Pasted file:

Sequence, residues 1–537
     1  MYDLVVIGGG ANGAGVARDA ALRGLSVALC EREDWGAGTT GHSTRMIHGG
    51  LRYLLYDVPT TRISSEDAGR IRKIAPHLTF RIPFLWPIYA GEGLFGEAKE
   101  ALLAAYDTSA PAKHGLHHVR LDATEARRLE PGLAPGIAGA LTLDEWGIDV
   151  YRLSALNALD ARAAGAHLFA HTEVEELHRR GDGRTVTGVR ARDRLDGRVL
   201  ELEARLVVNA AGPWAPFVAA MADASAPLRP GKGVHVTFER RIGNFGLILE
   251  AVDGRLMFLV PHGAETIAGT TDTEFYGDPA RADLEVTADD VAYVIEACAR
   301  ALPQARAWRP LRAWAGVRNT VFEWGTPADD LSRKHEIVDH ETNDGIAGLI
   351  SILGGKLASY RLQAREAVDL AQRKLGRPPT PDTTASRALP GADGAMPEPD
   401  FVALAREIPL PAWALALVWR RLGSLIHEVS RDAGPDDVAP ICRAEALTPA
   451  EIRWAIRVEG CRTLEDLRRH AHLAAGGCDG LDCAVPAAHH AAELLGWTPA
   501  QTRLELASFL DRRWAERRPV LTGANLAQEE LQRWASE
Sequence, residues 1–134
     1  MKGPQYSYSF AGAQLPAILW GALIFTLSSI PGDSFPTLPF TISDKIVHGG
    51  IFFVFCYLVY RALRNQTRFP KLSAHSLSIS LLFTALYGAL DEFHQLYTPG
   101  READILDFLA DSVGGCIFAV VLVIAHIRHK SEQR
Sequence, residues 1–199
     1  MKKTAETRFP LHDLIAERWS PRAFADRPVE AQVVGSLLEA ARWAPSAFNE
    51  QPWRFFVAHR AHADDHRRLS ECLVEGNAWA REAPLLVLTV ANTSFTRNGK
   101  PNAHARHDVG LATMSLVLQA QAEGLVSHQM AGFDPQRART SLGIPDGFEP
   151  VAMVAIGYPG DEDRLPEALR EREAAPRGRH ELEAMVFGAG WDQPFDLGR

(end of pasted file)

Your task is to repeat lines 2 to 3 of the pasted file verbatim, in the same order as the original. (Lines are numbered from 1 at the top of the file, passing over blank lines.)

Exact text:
     1  MYDLVVIGGG ANGAGVARDA ALRGLSVALC EREDWGAGTT GHSTRMIHGG
    51  LRYLLYDVPT TRISSEDAGR IRKIAPHLTF RIPFLWPIYA GEGLFGEAKE